The most successful people I know are also the most grateful.
They feel gratitude for the big things in their lives – like opportunities, mentors, accomplishments – as well as the seemingly more mundane things – like breathing, being, loving.
Back in April, 2009, I met such a person on an airplane, and I wrote this:
I met Faith on an airplane.
She settled in next to me and when I introduced myself and held out my hand, she took it saying, “Wow, that’s so polite. I’m Faith.”
For those of you who have always wondered, how did Faith look? Like a walking goddess – you know, like JLo, without the attitude.
Now I could go all allegorical on you and imagine some deep and meaningful conversation with Faith…
But I really did meet Faith. And she’s a PhD candidate at Northwestern University in Chicago. Young and vibrant, Faith turned out to be wise beyond her years. And we had a surprisingly deep and meaningful conversation on our hour plus some flight from Chicago to DC the other day.
I walked away from meeting Faith with more faith, and that’s what I want to tell you about.
Faith comes from a family that didn’t have many things, and couldn’t provide Faith with many opportunities. But a great one fell in her lap when she was 14 – she got assigned a Big Sister.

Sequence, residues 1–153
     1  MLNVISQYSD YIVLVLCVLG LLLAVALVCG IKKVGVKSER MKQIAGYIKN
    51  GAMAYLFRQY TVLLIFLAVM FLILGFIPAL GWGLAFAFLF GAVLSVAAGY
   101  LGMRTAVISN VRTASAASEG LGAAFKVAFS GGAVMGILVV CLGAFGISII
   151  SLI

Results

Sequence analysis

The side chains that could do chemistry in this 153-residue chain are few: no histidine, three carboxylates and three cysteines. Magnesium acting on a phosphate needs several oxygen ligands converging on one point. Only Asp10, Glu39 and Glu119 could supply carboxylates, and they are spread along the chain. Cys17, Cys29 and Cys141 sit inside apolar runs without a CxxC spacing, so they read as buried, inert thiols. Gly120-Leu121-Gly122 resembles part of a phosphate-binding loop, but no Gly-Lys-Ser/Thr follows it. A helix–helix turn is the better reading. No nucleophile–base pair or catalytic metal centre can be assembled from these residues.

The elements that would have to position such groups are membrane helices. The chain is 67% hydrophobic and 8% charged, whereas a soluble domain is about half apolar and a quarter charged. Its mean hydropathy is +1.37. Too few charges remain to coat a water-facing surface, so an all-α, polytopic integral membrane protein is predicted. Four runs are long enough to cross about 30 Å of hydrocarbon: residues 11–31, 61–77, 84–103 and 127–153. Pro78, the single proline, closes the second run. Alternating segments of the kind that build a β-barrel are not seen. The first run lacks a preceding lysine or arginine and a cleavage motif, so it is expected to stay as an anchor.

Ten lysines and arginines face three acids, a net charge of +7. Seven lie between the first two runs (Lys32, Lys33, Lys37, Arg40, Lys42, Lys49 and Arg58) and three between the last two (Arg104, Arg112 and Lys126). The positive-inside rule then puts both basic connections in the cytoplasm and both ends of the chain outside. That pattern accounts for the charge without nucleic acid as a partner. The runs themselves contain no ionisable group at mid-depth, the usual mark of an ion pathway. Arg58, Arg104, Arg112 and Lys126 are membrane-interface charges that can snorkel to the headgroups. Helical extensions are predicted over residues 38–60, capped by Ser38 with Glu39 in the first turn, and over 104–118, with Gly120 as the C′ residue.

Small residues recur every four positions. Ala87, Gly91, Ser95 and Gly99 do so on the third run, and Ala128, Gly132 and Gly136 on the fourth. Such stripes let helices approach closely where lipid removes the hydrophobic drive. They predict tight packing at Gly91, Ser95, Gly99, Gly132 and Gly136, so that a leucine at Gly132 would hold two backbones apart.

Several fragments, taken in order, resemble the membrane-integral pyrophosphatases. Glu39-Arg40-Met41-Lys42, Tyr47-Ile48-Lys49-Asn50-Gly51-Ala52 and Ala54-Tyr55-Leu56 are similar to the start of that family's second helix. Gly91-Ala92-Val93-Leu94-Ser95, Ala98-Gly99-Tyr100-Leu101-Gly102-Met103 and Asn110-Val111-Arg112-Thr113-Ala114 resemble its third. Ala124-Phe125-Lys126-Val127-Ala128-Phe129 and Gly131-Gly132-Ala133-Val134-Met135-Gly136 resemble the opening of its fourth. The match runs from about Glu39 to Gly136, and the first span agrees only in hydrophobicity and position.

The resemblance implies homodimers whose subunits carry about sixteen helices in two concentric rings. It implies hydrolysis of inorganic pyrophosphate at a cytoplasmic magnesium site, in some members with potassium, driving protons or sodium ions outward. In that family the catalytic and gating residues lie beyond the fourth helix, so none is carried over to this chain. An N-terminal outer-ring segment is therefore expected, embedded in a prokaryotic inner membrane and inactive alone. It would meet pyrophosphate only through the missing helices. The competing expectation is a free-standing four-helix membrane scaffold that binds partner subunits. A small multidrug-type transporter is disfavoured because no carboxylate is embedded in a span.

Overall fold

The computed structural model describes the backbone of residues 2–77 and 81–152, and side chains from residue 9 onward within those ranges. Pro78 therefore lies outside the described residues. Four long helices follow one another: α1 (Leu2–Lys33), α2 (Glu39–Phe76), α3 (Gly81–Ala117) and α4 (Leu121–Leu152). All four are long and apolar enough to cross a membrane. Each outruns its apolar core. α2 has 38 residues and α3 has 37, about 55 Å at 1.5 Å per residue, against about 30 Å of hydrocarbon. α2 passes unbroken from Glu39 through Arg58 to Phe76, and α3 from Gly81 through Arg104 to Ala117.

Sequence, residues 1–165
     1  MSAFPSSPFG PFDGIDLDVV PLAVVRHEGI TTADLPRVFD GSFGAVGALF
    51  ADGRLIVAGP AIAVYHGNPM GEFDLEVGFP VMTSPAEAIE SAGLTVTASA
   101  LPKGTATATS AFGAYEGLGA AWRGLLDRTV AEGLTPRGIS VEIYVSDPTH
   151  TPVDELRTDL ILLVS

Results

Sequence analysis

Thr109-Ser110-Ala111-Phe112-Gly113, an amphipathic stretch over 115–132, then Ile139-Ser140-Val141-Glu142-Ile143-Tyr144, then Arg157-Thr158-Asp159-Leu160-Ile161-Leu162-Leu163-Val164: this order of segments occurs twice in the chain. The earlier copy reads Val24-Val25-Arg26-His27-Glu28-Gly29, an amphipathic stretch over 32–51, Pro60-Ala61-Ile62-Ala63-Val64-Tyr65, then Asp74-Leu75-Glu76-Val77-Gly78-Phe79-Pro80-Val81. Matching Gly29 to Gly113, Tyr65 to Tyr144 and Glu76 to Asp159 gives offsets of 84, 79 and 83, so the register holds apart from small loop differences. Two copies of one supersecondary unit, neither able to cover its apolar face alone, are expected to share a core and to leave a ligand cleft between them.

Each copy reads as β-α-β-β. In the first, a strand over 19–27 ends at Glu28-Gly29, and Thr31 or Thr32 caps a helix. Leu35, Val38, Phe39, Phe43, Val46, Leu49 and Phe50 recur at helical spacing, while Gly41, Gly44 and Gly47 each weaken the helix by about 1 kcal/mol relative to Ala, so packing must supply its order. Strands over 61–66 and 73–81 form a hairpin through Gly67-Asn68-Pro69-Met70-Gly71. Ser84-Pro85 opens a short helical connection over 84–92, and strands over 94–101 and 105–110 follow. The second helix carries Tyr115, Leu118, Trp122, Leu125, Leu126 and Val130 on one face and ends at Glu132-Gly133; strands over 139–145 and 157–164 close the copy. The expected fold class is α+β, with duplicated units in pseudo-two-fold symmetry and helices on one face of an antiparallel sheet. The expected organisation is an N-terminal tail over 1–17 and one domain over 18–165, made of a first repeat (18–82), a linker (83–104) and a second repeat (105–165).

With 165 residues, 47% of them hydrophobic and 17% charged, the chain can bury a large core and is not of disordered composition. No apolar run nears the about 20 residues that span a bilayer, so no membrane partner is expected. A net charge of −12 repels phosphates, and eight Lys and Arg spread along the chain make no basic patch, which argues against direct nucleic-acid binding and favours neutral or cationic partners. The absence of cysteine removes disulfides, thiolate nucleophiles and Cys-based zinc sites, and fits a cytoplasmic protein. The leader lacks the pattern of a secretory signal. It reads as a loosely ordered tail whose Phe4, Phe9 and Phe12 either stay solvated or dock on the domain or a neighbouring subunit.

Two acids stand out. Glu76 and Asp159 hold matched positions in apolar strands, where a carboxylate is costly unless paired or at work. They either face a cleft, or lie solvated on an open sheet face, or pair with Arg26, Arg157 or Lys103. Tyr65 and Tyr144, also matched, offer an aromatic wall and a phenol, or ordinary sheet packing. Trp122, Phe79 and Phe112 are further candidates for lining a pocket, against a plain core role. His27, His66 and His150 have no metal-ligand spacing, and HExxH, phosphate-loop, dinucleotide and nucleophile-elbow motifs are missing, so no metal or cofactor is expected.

This Big Sister inspired Faith, coached Faith, believed in Faith.
So Faith decided to try getting into a college, something that no one in her family had ever done.
And she got in.
And kept going.
And now Faith is a PhD candidate who hopes to use her training to help the community she came from.
She’s got vision, she’s got direction, and she’s got hope.
Our conversation was so powerful that I noticed the people across the aisle straining to catch our chat. What did we discuss? We talked about fears, and redefining oneself. We talked about what it’s like to be highly educated in a family made up of people who are not. We talked about how relationships work and how they fall apart. We talked about what women need to do to preserve their identities and their options while in relationships. We talked about books that have been important to our lives, and meaningful quotes. We talked about the past and we talked about the future. We talked about what we believe about the world. We talked about faith.
The plane touched down and we left each other with a smile and a wave. And as Faith walked away, down the airport hallway toward whatever’s next for her, I said a little prayer of thanksgiving. Thanks to that Big Sister who reached a hand out to a promising young girl, and thanks to all the other hands that have helped her along the way. Thanks to Faith who could have made other choices about the direction of her life but hasn’t. And thanks to Providence for placing us side-by-side on that airplane.
Because I walked away from my meeting with Faith renewed, restored and hopeful. Meeting Faith helped me remember that people touch people in the most unexpected and important ways. That people, by and large, are good and generous. That strangers are simply friends I haven’t met yet.
Yes, I met Faith on an airplane. Where I least expected her. Which just might be the most important lesson of all.
If you feel a gratitude gap in your own life, tune in to the WiseWork radio show this week, where my guest is the inspiring and wise Hiro Boga. Take 30 minutes, and reconnect with what just might be the best part of you – your Faith-like faith, and gratitude.